This course contains two major grading components:
- Module assignments - 60% (10% per unit * 6 units)
- Final seminar - 40%
Each module instructor will explain the module assignments in class, and will provide guidance at the start of their unit. All module assignments are due prior to the first class of the subsequent unit (e.g. Module 1 assignments are due before the first lecture of Module 2).
Module instructors will give instructions on how to submit each assignment.
Throughout the course you will learn about many aspects of fisheries science. Your assignment, which spans the entire semester, will be to synthesize what you’ve learned and use it to describe a North Atlantic fishery.
Select a Fishery
Select a fishery that primarily takes place in the North Atlantic. If you need inspiration, consult this list of Canadian fisheries. Its appendix includes basic information about each stock, as well as the location at which it takes place.
Choose wisely: this is the fishery that you will conduct your project on.
Inform Dr. Favaro which fishery you will study by the end of Week 2. We ask that there be no duplicates, and fisheries are first-come-first-serve. So if you really want to look at one particular fishery you had better pick fast!
You may propose another fishery in the North Atlantic region if it is not included in this list. Be prepared to give a brief overview of the fishery and demonstrate that there is sufficient information available about the fishery on which to base a full assignment.
Create your Seminar
In your seminar, you will describe this fishery to your instructors and classmates from the perspectives gained across this course. You will create an oral seminar, accompanied by Powerpoint slides (or equivalent), that will cover the following topics:
- Give an introduction to this fishery.
- Where is it? What is its geographical extent?
- What are the target species? What is caught as bycatch?
- Is it commercial, recreational, or an indigenous Food, Social, or Ceremonial fishery? Is there a combination used?
- Fish harvesting technology
- What are the primary gears used in the fishery?
- What are the environmental impacts of the gear?
- Are there operational issues associated with the gear? (e.g. safety? Practicality?)
- Are alternative gears being tested?
- Population dynamics & The Northwest Atlantic Ecosystem
- What is known about the fishery’s stock? Is it abundant? Depleted?
- What is the target species’ mean trophic level? What does it eat? What eats it?
- What ecosystem processes drive abundance of this stock?
- How might climate change effect this fishery?
- Fisheries management
- Is this an established or emerging fishery?
- Who manages this fishery?
- What is and is not working with management of this fishery?
- Fisheries assessment
- Does any eco-label regard this fishery as sustainable? Why or why not?
- How is the catch handled, processed, and to whom is it sold?
All topic areas above should be covered in your seminar, although you may decide to explore parts of those topics in greater detail based on your own interest. For interest, while you have to describe each topic in brief, you may decide to do a deeper exploration of the fishing gear technology used in a given fishery.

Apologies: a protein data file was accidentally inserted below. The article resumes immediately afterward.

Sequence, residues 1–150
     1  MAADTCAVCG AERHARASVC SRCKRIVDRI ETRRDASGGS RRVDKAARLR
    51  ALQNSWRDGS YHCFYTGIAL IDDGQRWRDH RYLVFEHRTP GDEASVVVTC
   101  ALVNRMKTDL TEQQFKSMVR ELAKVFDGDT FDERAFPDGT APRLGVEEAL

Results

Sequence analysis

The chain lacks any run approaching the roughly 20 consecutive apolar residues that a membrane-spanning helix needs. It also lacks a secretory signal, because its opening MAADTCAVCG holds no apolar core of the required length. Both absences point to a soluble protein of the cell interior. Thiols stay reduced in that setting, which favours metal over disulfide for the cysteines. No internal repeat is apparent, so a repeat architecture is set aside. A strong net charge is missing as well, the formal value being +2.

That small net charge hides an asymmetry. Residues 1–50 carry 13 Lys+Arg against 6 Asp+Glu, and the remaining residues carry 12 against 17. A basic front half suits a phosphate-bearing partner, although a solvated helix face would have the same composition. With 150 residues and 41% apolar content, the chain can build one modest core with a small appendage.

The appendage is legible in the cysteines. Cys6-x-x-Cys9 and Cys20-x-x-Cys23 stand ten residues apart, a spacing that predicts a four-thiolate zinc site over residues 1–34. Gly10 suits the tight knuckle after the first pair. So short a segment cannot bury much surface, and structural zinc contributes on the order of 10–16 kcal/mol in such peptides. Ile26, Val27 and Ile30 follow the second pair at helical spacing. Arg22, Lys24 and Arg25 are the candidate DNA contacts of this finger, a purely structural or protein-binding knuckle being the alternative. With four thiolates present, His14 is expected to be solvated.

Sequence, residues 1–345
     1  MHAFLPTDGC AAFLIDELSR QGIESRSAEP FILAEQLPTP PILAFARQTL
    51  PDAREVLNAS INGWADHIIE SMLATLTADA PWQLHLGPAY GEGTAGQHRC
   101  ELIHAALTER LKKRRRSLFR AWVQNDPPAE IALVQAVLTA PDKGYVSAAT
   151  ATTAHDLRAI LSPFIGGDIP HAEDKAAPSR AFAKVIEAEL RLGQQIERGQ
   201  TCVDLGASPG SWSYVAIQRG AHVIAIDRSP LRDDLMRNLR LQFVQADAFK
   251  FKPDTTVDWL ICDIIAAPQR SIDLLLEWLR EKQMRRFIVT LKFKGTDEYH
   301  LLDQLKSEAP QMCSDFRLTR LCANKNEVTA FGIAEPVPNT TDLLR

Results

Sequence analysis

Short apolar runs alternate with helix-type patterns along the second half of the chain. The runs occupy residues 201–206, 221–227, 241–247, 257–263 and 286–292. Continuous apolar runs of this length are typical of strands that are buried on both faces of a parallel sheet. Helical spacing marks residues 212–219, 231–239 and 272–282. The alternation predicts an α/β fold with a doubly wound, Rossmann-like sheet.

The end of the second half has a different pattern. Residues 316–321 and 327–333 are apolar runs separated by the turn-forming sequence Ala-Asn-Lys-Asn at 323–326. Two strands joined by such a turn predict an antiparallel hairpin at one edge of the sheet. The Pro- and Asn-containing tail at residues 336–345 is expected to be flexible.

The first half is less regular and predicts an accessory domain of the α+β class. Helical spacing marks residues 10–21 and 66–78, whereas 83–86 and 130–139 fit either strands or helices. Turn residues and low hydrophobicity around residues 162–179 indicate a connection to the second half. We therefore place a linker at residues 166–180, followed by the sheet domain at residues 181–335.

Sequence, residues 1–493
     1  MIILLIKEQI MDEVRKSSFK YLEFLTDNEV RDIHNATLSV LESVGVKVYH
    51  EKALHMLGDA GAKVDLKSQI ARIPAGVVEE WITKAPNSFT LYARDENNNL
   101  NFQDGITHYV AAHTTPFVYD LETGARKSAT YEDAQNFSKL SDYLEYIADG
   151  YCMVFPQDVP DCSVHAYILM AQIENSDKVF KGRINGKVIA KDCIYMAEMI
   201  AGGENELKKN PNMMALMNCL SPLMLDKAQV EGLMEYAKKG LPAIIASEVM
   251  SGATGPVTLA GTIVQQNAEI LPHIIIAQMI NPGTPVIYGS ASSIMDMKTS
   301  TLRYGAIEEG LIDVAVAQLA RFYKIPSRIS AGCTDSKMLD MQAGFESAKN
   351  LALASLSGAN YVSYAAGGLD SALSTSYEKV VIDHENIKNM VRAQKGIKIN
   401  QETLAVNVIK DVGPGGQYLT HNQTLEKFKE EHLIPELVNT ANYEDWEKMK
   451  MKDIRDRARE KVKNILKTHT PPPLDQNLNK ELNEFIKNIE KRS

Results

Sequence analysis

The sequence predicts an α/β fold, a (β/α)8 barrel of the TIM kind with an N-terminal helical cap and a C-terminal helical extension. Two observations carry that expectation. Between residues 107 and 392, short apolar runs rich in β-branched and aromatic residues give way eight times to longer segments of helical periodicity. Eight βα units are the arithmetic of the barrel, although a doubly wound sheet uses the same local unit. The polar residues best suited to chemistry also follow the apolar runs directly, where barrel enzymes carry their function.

By the end of your talk, we should have a holistic understanding of the fishery you studied. Your audience should be able to broadly understand the fishery and major issues associated with it.
Your talk should be no more than 20 minutes in length, with 10 minutes allocated for question and answer.
Grading for this assignment will be based on a modified version of the Canadian Conference for Fisheries Research rubric for judging student talks:
- Speak clearly, make eye contact with audience. Speak with intention
- Face the audience, be engaging
- Aim for smooth and clear delivery
- Notes are okay, particularly if English is not your first language, but do not read directly from them
- Presentation should be logically organized
- The seminar should emphasize flow and synthesis - not mere lists of information
Visual aids: 15
- Slides should be clear, with large font, and uncluttered
- All sources should be cited appropriately
- All figures should be clear and readable, with large fonts
- Basic design principles should be followed, including using high-contrast colours, and avoiding highly cluttered backgrounds
- Avoid purposeless animations, sound effects, etc. Everything on the slides should have a purpose
Subject expertise: 30
- Student should synthesize the fishery. Seminar is not a list, it is a synthesis
- Student should demonstrate knowledge in all areas above for the fishery in question
- Data gaps should be identified
- A breadth of scientific literature (and grey literature, where appropriate) should inform the seminar
- The talk should be 20 minutes maximum. You will be timed. Do not go overtime
- The pace should be appropriate (i.e. no speed-talking to get under 20 minutes) and consistent across the lecture
Question and Answer: 15
- Presenter engages with audience.
- Questions are answered thoughtfully, not defensively
- Differentiate between “no one knows” and “I don’t know”
- Student demonstrates ability to synthesize existing knowledge and apply it to answering audience questions
All six module instructors plus Dr. Favaro will grade your talk. The top and bottom marks will be eliminated, and the median grade of the remaining five assessments in each category will be used.
All course instructors, including Dr. Favaro, and all the FISH 6001 students will be present for these seminars. Questions may be asked by instructors or students.